Recently ONCA hosted an exhibition accompanied by a day workshop. The topic was landscape history and landscape restoring possibilities.‘Through The Bush Backwards’ is a multifaceted project by artist Daniel Locke and scientist Chris Sandom that takes you on a journey through time to explore how Britain’s nature has changed and how it could be restored. This is an important project, as landscapes very often appear without history, and with the completeness and coherence of a theatre backdrop, as Anna Tsing – one of my favourite anthropologists – suggests in her paper The Buck, the Bull, and the Dream of the Stag: some unexpected weeds of the Anthropocene.
The artist and scientist took us on journey where we could learn about what there was in the backdrop. We time travelled through a graphic novel, where we visited the Last Interglacial (125,000 years ago) when elephants and hippos were living in Southern England. We stopped off in the Last Glacial (40,000 years ago) when humans were just arriving in Britain encountering woolly mammoth and rhino. We visited the Early Holocene (7,000 years ago) after the extinction of Britain’s big mammals, when human hunter gatherers were hunting aurochs and red deer. We dropped into the Late Holocene (3000 years ago) after agriculture had arrived and farming communities had established.
The display was very successful in raising awareness about the existence of megafauna – those large mammals of our childhood imagination – in the same place where we are now. Who would have imagined that hippos ever lived in Britain and that our human ancestors co-existed with those big animals?
Although I have been in love with megafauna since I can remember, this project makes me think about humans, not big mammals. This project triggered my interest in landscape history. I asked myself what happened at that very moment when farming communities were established. What has been our role in shaping the landscape to get where we are? How did we create the so called Anthropocene?
In her paper, Anna Tsing comes up with an explanation:
“Some archaeologists have suggested that the Anthropocene should begin with the very first plant and animal domestications, a date that could make Anthropocene and Holocene coterminous (Smith and Zeder 2013). Some geographers argue for 1610, a global CO2 drop that can be explained by the genocide of Native Americans by European-introduced diseases (Lewis and Maslin 2015). Genocide encouraged forest regrowth in the New World, lowering global CO2 and perhaps explaining the latter half of the Little Ice Age in Europe. Climate scientists first promoted 1784 as the start date for the Anthropocene because of the invention of the steam engine, a marker for the industrial revolution (Crutzen and Stoermer 2000). Now many have turned their attention to 1945, the first atom bomb, with its clear radioactive signature in sediments around the world, and the ‘great acceleration’ of human population and industrial disturbance (Steffen et. al. 2015).”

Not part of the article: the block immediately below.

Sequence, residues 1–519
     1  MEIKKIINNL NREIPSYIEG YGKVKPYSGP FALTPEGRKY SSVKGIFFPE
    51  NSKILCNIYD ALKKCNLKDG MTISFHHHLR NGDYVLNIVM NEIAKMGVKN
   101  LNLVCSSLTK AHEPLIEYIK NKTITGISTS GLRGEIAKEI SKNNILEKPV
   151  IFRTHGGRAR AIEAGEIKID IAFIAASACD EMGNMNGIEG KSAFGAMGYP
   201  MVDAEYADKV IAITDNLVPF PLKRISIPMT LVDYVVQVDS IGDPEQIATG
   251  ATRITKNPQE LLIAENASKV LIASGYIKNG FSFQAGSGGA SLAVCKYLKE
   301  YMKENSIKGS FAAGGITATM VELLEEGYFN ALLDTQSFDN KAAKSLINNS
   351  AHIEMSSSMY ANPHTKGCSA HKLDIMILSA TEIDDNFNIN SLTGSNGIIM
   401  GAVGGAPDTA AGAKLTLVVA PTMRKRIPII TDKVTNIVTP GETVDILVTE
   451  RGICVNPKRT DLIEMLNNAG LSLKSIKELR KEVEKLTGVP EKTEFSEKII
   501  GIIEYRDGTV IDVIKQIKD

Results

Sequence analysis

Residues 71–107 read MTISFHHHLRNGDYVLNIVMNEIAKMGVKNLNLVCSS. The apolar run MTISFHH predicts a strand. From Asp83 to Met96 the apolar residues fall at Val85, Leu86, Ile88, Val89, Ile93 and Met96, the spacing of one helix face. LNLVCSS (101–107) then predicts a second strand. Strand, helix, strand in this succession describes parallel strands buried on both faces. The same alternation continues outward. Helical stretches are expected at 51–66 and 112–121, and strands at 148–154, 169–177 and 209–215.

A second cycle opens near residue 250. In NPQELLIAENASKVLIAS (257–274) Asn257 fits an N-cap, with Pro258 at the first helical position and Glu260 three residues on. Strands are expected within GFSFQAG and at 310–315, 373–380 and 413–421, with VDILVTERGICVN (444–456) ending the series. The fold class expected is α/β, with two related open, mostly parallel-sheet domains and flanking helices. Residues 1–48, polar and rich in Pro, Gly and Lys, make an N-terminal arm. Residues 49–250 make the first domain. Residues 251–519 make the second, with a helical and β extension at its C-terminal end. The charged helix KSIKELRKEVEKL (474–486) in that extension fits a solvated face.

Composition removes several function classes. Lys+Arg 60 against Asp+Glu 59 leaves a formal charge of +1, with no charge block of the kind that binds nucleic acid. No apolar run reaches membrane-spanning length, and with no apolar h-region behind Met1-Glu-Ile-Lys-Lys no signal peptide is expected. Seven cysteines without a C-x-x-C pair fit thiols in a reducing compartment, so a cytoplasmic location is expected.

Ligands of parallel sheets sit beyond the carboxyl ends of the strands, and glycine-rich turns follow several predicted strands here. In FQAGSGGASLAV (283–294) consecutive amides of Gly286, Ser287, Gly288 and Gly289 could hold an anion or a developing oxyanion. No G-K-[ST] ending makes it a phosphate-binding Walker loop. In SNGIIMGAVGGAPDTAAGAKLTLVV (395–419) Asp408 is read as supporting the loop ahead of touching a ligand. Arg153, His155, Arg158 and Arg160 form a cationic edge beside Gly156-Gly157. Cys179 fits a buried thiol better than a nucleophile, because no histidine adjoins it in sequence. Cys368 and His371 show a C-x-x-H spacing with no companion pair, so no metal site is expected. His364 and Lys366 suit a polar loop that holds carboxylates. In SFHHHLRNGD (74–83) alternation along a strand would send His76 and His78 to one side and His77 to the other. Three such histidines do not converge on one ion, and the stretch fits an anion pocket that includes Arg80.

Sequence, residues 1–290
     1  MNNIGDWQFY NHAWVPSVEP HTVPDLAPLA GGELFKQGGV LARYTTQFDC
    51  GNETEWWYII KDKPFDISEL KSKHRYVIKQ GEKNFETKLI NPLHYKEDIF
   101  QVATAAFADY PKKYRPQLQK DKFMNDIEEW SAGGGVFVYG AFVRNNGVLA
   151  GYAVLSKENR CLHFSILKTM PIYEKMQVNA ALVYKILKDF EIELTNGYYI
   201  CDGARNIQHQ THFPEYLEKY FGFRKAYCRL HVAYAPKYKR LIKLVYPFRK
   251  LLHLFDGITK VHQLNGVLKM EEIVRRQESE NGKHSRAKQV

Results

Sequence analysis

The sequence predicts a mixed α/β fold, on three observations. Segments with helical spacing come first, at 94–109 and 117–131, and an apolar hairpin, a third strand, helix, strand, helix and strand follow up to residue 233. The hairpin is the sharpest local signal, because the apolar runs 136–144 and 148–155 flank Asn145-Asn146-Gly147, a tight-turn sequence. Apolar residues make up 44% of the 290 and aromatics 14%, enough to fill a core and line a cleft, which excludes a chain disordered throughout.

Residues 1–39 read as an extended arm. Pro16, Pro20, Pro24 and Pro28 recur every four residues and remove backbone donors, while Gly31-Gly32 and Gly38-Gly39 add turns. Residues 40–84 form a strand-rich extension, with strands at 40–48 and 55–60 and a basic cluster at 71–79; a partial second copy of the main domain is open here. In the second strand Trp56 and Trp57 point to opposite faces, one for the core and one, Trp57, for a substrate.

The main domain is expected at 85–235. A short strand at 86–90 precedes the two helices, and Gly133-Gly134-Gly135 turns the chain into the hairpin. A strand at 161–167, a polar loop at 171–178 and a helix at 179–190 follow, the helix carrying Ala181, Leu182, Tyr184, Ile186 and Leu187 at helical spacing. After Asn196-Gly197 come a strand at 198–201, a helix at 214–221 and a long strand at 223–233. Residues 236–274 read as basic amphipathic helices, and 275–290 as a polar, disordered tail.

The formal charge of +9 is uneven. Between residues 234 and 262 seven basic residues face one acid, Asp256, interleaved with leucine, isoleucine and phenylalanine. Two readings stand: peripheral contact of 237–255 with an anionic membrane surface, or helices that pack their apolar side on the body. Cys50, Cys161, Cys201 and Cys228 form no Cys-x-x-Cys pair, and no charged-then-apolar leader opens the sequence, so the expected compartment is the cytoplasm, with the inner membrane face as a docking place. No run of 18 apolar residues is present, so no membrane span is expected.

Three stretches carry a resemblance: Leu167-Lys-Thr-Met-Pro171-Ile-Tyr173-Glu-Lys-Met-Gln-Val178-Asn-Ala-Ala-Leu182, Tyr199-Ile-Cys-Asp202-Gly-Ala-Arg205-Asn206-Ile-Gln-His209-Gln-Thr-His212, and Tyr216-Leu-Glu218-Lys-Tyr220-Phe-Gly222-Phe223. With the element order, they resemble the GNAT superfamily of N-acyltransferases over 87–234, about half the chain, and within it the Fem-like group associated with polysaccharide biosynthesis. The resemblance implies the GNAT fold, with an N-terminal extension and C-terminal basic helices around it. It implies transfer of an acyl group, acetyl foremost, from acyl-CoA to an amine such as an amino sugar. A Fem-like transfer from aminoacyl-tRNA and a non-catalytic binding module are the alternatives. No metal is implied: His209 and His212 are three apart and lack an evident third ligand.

I find that this information has not only opened my mind, but has also broken my heart somewhat. It made me think that the mess we find ourselves in nowadays did not start with the invention of the steam engine, it is not due to the use of fossil fuels, rather it formed with the idea that the human being can colonise anything, from landscapes to people, from ideas to minds.
The part of the passage that discusses genocide in ‘the New World’ deeply resonates with me. I find myself reading this passage again and again. This claim is probably not true, just an academic postulation. Even so, that would not prevent me from remembering that the genocide did occur and that even the Earth suffered from it. These findings make me think about our interconnectedness; how our actions have consequences and how we all depend on each other. What to do with this information?
As T.J. Demos writes in his book Decolonizing Nature: Contemporary Art and the Politics of Ecology, “I’m convinced that art, given its long histories of experimentation, imaginative invention, and radical thinking, can play a central transformative role here. In its most ambitious and far-ranging sense, art holds the promise of initiating … creative perceptual and philosophical shifts, offering new ways of comprehending ourselves and our relation to the world differently than the destructive traditions of colonizing nature”.
In their project, the artist and the scientist invite us to talk about what our countryside looks like now and explore our visions for the future. We played card games to introduce us to Britain’s past, present, and (maybe) future. I don’t know if the future I want for Britain is the introduction of big mammals, as some people suggested. But I am sure that something this project achieved was to invite us to explore the landscape history and imagine the landscape we want.
As Anna Tsing points out in her paper, “landscapes are gatherings of ways of being in the making, they are both imaginative and material; they encompass physical geographies, phenomenologies, and cultural and political commitments”. Why not make something different where there is space for all of us, human and non-human?